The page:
For those of us who are not up to date with all of the ‘Search Engine Optimisation’ (SEO) jargon, here is a quick breakdown of what so-called ‘black hat’ and ‘white hat’ SEO techniques are, where and how these are deployed, and why it matters which approach you choose.
Put simply, white hat techniques are ones which fit within the guidelines laid out by search engines such as Google. Conversely, black hat techniques are ones which specifically do not; that is not to say that these methods are illegal (though some are), but may result in your website being removed from Google’s index pages. It is also worthwhile noting that the boundaries for both white and black hat techniques are constantly changing, as the algorithms that search engines use are constantly updated.
Now, if you’re already confused about what SEO is, here is a link to a great website with all sorts of information about Search Engine Optimisation, and yes there is a lot to learn, but even understanding the basics opens up a whole new world of online marketing potential. We highly recommend taking a look.
So let’s start with white hat first. How does it work? What are its advantages?
White hat techniques are frankly the best long-term solution to improving a website’s search engine visibility. This is mostly due to the fact that they don’t breach Google’s rules, meaning you don’t risk having your site removed. Although as already mentioned you should be aware that the ‘best practices’ for SEO are constantly changing, and your techniques would need to be adapted alongside this. To improve the results of your site, you have various options, some of which are listed below:
Quality content: This might sound very obvious, but Google themselves[i] claim that this is a key component to improving your search result ranking. This is principally because search engines aim to provide exposure to the most relevant and appropriate information searched for. By improving your content, you can help boost this.
Create for the consumer: Many black hat techniques create a website optimised for search engine ‘crawlers’ (this is basically a search engine’s way of indexing everything on a given website) rather than for consumers. Indeed, creating for the consumer ensures that Google’s clever algorithms don’t pick up your site as spam, and it has the bonus of improving your content too!
Keywords: Using keywords is perhaps one of the most vital components to successful white hat SEO. However, what is most important here is that these keywords are relevant. If you place spam keywords all over your articles, this would most likely constitute a black hat technique instead. We also highly recommend that you research keywords that are relevant to your field first.
The main attraction to the dark side of SEO, black hat, is that it is fast. Unlike white hat which can take months before you reap the rewards of your hard work, black hat can provide almost instant exposure to searches, albeit coming with a risk of removal.
Hidden content: This is when content is placed on your webpage which is not visible to a consumer, but can be seen by ‘crawlers’ such as an HTML comment tag (a line of code which is intended to describe that particular section of code, visible only to developers <! — a comment line example →). This can allow a black hat user to hide keywords all over a webpage. This sort of black hat technique is being heavily clamped down on by Google, so beware!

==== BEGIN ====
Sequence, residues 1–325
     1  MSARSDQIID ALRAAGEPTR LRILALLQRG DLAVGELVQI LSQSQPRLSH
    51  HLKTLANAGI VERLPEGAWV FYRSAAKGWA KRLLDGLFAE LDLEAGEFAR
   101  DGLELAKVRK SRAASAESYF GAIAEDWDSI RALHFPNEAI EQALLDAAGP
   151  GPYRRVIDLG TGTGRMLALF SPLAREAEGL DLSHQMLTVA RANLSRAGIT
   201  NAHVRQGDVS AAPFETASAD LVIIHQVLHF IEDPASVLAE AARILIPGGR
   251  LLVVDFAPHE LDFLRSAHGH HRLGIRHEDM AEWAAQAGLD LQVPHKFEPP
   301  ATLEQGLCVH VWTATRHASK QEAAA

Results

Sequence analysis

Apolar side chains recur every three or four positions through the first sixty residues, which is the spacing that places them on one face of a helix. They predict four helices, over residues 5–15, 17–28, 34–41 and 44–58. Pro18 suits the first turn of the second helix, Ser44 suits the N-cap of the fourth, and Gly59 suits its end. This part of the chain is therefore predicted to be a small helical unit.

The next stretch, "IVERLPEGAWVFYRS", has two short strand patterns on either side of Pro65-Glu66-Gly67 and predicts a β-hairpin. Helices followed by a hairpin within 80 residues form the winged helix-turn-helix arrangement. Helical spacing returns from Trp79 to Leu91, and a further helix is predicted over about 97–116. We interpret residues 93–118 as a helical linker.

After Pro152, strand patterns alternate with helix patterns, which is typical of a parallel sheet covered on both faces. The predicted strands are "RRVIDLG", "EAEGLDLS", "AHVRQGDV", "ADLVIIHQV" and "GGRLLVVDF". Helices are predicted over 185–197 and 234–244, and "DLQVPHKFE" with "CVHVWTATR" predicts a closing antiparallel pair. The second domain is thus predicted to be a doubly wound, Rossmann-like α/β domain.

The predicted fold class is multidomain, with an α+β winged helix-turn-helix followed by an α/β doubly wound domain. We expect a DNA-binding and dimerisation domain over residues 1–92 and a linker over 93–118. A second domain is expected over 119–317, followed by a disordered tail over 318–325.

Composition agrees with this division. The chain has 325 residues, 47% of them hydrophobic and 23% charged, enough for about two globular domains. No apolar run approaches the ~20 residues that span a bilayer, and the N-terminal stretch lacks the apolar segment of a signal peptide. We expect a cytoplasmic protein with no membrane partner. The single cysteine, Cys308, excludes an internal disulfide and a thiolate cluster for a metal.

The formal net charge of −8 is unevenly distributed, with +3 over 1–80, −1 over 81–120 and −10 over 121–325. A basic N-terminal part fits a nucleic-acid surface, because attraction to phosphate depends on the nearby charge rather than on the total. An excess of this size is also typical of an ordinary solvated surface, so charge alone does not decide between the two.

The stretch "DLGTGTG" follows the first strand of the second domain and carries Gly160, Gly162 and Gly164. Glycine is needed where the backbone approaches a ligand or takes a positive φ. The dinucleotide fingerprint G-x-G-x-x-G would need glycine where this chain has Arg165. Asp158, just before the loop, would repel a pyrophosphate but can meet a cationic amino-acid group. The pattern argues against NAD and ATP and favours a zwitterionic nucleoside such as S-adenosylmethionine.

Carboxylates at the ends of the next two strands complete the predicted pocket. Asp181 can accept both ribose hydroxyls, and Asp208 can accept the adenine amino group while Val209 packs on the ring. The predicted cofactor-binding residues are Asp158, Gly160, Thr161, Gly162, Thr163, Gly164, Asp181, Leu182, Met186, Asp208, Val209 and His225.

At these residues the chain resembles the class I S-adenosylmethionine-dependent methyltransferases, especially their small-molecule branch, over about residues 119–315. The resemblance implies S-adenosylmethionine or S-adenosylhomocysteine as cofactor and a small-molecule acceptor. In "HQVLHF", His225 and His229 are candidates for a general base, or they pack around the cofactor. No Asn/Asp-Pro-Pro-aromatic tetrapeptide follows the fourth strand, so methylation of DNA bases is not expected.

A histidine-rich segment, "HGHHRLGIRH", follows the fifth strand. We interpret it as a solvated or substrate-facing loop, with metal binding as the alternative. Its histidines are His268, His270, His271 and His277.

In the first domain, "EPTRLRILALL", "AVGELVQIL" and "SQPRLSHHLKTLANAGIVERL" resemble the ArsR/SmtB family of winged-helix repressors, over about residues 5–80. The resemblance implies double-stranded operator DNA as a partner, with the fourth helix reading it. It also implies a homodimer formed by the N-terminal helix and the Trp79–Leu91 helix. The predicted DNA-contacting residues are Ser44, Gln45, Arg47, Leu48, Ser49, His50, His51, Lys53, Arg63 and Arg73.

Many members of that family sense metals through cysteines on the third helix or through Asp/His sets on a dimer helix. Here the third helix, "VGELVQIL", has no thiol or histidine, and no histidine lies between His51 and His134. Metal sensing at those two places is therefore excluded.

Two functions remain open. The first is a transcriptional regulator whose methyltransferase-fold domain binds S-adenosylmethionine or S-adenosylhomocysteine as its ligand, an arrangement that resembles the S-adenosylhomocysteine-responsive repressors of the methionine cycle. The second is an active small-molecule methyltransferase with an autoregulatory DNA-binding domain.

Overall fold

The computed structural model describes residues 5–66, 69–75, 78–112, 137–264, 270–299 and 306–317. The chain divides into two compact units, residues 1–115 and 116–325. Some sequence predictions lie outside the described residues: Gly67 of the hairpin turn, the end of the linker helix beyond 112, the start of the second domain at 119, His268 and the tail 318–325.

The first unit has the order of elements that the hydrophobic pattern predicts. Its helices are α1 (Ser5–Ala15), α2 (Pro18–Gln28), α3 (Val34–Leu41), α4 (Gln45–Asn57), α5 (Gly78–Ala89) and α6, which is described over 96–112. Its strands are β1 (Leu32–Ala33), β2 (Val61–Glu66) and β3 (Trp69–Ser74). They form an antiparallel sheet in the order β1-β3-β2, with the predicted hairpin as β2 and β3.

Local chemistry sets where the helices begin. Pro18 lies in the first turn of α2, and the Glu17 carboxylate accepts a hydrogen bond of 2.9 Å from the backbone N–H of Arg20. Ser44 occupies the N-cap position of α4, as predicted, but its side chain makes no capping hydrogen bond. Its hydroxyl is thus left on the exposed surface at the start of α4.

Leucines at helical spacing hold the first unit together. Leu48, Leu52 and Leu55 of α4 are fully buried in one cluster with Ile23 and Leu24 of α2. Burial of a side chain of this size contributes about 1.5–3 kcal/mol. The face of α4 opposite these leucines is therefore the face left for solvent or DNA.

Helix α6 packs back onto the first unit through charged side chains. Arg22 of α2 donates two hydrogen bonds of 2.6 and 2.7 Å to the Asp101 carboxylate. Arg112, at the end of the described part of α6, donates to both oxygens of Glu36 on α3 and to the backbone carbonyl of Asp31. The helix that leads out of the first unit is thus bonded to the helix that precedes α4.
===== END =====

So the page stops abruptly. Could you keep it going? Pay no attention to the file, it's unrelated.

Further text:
Link farming: This occurs when a web page has the only purpose of increasing the link traffic to another site in a group by increasing the number of incoming links[ii] (essentially link spamming).
Metadata stuffing: Normally, metadata keywords[iii] are located in the <head> element of a webpage, and are meant to contain an accurate description of what this given site is about. However, black hatters can actually ‘stuff’ this HTML element with incorrect or bloated data which helps raise the profile of the website in a search engine list.
In an effort to keep this article concise we have opted to give only three examples of each type of SEO technique, but you should be aware that there are countless others which can be deployed. If you want even more examples of black hat and white hat methods, check out this awesome infographic here.
What is also worth noting here is why you should use one technique over the other. We would certainly recommend sticking to using white hat techniques. Whilst they are certainly slower in gaining the exposure that black hat methods might offer swiftly, the short-term benefits do not outweigh the cons here.
Let’s say that you use all of the black hat techniques mentioned above as well as a handful of others to gain some quick popularity and traffic towards your site or product. Great, for a month maybe you suddenly shoot up the list of search results. You may even make a quick buck or two. However, if, and most likely when, you get caught the results can be devastating. Google (and/or other search engines) will probably remove your site from their index altogether. This now means you’ve wasted all your hard work creating the website, as well as all of that time using black hat methods. On the other hand, a successfully executed white hat technique is much more like a small investment in a stock. It probably won’t pay off immediately, but if you have researched and chosen wisely, then in a few months or maybe a year later you will reap the rewards!
About the author:
Lucas Bainbridge is a regular contributor to our blog. He is currently studying Geography at UCL, and has written about areas including sustainable development projects, SEO, new technology and start-ups. He is constantly expanding his portfolio and has been writing for a number of years.